Depending on where you live, you may have noticed mushrooms seemingly popping up out of nowhere in your yard during certain times of the year. Prolonged periods of wet, humid weather cause fungi to sprout. That means that during rainy seasons, we see many mushroom toxicity cases in veterinary hospitals.
Essentially, 99% of mushrooms are harmless, but that 1% can prove to be quite deadly if left untreated.
How to Identify a Toxic vs. Non-Toxic Mushroom
Unfortunately, mushroom identification is no easy task and often requires the input of a mycologist (mushroom expert). Toxicologists and veterinarians find it easiest to reference mushroom experts on social media! There are many Facebook pages dedicated to mushroom identification (such as this one) which allow you to post a picture of a mushroom and obtain responses from mushroom enthusiasts.
symptoms of mushroom toxicity in pets:
While some mushrooms break down vital organs such as the kidneys or liver, others affect the central nervous system, and some less toxic ones just irritate the GI system. A few signs to look for when dealing with mushroom toxicity are:
- MUSCARINE – often cause drooling, vomiting, diarrhea, a low heart rate, and small pupils.
- MUSCIMOL and IBOTENIC ACID – cause neurologic signs; these are most common in the Pacific Northwest.
- FALSE MOREL – often cause vomiting, diarrhea, and possibly convulsions.
- HALLUCINOGENIC – causes neurologic signs and an elevated temperature (hyperthermia).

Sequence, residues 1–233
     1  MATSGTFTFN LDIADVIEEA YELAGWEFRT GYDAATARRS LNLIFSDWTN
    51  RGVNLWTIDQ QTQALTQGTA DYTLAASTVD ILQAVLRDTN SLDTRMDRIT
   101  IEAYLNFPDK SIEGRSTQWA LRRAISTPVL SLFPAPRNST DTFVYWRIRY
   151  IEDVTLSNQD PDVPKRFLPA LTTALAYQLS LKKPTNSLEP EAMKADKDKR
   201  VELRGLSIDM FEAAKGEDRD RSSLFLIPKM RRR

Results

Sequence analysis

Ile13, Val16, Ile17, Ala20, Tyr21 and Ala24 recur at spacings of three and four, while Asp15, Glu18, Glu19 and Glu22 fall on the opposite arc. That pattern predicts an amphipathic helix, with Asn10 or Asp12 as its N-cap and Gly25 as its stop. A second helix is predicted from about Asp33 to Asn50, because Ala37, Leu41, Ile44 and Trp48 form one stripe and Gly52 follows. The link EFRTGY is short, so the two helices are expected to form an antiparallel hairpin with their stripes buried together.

- AMANITA – the most dangerous mushroom which can cause liver failure; these are extremely toxic and are the most lethal.
My dog just ate a mushroom, what should I do?
- Contact a veterinarian and bring your dog to a veterinarian or the ASPCA poison control immediately.
- Take a representative picture or take a sample of a similar nearby mushroom with you if possible.
- Your veterinarian may involve a toxicologist and/or a mushroom identifier in your dog’s care.
- As long as your veterinarian deems it “safe,” they will likely induce vomiting and may also administer activated charcoal to prevent absorption of the toxin.
Treatment for Mushroom Toxicity
Depending on the type of mushroom ingested and the signs your dog is showing, your veterinarian may recommend very minor outpatient supportive care or more aggressive inpatient supportive care (such as IV fluids and liver supportive medications).
As mentioned above, unfortunately, Amanitins are VERY toxic, are absorbed quickly, and require aggressive care. They are also very toxic and lethal to humans.
Depending on the type of mushroom ingested, your veterinarian may recommend baseline bloodwork and/or subsequent bloodwork 4-24 hours later.
How can I prevent mushroom toxicity?
There are a few things you can do to prevent mushroom poisoning for your pets:
- Remove mushrooms that pop up in your yard in the spring/summer.
- Patrol the yard regularly- they can sprout up quite fast!
- Be observant while out on walks or hikes, especially in shady wooded areas.
- Keep your dog on a leash in areas with mushrooms.